Perk Park / Walnut Wednesdays

Designers: Thomas Balsley Associates, McKnight and Associates, LAND Studio | City: Cleveland, OH | Project Type: renovation
Date Visited: 09.19.12

Location: E. 12th St and Chester Ave, Cleveland, OH
Size: 1 acre
Cost: $3 million renovation
Official Opening Date: original: 1972; renovated: Fall 2011

Originally designed as a sunken park by I.M. Pei and constructed in 1972, Perk Park slowly deteriorated into a site of urban blight as years went on. Though plans for the park renovation were created in 2003 by landscape architecture firm Thomas Balsley Associates, it wasn’t until February 2009, when a murder occurred in the park, that the city began to raise enough money for the new park’s construction.

Now Perk Park is a vibrant social hub in the middle of downtown. The contemporary design features earth berms, bright red trellises, a grid of light wands, and a variety of unique seating options, perfect for people watching. For safety, Perk Park has been elevated to become level rather than sunken, and eliminates previous sight-line barriers. When I visited, I made sure to go on the best time of the week: lunchtime on Walnut Wednesdays.

Walnut Wednesdays is a special Chow Down event sponsored by Ohio Savings Bank and the Downtown Cleveland Alliance that features live concerts and a gathering of some of the best food trucks on a side street next to Perk Park. This summer event occurs every Wednesday from 11:30AM to 1:30PM and can attract crowds of downtown workers up to 200+ people.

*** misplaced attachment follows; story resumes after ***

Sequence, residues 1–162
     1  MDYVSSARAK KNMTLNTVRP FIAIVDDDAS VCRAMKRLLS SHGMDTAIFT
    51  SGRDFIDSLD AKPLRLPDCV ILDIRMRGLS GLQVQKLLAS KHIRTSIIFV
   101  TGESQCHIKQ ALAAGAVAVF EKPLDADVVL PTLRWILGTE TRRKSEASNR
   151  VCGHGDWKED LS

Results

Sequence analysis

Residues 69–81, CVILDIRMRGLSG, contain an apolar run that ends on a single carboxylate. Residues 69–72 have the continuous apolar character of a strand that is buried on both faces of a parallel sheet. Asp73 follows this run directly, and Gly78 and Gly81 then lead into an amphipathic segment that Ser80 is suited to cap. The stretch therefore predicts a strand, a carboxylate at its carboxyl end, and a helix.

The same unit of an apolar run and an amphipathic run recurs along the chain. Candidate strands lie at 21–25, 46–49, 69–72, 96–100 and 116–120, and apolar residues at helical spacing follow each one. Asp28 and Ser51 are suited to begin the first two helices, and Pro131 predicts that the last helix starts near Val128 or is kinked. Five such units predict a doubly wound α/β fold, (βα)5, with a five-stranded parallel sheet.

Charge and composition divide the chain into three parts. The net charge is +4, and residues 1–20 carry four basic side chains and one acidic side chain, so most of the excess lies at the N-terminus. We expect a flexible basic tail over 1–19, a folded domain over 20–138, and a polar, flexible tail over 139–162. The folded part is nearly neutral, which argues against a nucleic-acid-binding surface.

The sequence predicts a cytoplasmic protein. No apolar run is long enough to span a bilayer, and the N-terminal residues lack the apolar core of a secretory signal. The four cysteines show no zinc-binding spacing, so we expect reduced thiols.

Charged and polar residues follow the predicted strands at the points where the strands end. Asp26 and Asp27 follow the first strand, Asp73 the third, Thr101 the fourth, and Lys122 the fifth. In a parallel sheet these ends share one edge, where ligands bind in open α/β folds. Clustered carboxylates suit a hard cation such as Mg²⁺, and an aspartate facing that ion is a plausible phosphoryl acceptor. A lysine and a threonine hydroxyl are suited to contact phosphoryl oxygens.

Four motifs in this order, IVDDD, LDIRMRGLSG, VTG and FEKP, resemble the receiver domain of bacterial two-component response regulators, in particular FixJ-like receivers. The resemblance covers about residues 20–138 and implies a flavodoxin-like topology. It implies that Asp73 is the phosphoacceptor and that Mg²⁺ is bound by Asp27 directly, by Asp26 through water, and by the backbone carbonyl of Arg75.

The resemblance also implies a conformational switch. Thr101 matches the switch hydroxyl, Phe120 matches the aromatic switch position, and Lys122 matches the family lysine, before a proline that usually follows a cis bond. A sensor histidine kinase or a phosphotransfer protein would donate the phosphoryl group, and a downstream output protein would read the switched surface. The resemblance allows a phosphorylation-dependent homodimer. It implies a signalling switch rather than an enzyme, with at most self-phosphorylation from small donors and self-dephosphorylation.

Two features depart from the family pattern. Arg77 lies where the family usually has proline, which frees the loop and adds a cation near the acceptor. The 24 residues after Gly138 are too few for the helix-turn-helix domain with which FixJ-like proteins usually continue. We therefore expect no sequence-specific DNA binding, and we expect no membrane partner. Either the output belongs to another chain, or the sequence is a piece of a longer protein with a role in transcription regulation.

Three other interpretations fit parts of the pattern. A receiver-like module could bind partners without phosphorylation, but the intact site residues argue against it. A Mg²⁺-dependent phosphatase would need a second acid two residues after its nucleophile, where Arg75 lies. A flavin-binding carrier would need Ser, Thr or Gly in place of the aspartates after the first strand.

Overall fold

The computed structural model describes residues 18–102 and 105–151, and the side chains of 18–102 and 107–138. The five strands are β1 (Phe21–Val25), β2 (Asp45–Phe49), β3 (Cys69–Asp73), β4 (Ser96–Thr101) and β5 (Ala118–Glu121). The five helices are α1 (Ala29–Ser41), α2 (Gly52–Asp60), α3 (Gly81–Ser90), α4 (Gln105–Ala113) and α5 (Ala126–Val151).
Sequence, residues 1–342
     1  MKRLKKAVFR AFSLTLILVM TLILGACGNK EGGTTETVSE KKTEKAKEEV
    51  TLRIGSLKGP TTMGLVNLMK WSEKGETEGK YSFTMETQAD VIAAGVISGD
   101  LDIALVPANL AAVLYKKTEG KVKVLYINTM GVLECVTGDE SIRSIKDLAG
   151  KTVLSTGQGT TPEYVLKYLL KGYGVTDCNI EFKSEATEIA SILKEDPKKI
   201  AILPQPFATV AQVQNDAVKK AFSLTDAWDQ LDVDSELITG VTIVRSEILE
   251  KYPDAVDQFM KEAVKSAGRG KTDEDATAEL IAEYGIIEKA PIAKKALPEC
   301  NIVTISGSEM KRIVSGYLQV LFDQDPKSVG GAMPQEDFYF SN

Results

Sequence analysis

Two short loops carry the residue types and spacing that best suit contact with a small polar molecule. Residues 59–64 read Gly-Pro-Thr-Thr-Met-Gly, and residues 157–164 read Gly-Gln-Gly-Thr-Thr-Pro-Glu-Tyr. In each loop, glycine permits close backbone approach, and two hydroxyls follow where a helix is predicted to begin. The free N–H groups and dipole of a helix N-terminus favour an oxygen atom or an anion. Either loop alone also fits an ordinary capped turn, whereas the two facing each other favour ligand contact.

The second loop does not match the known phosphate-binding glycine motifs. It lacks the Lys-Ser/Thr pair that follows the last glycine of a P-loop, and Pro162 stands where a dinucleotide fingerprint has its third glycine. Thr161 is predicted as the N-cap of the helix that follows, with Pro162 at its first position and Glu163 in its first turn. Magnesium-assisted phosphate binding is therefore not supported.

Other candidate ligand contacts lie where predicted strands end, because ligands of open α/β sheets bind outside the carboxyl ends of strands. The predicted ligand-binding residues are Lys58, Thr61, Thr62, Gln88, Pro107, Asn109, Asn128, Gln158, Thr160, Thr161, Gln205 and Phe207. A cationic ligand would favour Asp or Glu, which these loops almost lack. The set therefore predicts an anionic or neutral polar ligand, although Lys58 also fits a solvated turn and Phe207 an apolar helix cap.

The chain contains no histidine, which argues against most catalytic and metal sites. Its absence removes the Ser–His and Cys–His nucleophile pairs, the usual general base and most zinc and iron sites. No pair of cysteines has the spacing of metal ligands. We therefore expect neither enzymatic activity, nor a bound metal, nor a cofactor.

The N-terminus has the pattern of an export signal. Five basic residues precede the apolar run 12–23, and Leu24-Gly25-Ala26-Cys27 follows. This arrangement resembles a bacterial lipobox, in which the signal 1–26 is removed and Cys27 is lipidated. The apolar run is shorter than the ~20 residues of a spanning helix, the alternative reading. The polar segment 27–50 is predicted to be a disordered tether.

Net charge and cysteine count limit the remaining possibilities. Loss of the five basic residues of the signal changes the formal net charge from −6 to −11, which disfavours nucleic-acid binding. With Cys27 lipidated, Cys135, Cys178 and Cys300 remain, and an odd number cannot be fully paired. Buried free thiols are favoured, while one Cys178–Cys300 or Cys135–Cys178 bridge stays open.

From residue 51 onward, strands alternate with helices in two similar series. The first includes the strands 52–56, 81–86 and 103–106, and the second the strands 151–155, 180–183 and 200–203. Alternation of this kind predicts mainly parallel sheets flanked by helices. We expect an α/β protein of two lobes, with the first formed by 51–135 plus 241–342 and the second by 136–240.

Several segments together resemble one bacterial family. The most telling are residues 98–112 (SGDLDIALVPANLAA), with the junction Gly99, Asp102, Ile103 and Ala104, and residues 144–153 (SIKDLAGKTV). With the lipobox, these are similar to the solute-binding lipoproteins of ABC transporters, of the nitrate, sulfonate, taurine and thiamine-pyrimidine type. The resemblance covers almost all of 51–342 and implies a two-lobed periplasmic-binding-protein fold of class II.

Food trucks are apparently, according to a local I spoke to, a successful and integral part of Cleveland’s food scene. Ever since my short stay in Portland, OR in 2008, I’ve become a huge fan of food trucks and naturally fell in love with what I saw at Walnut Wednesdays: a variety of food trucks stacked on both sides of a side street next to a great urban park. I ordered a Vietnamese Bahn-Mi sandwich with pulled pork and daikon coleslaw and it was delicious.

I arrived at Walnut Wednesdays towards the end of the event and missed the bigger crowds, but there were still many people eating lunch at the park. The park is divided into two major spaces: forest and meadow. The shadier forest area features a selected existing trees from the site replanted atop mounded landforms. The sunnier meadow section features a large grass plane with a single oval-shaped mound. A bright red trellis runs along the length of one side of the park with metal swivel seating. An egg-shaped event pavilion carved out between the “forest” and “meadow” for band performances also features an engraved poem by Catherine Wing.

The park is considered a huge success amongst the eyes of local, so long as its clean and maintained. I saw all kinds of people in the space: dog walkers, families, office workers, and even a class of college students studying public spaces come to the space. The area is still surrounded by office vacancies, but hopes are that the success of Perk Park will attract retailers, restaurants, and businesses to the surrounding area.

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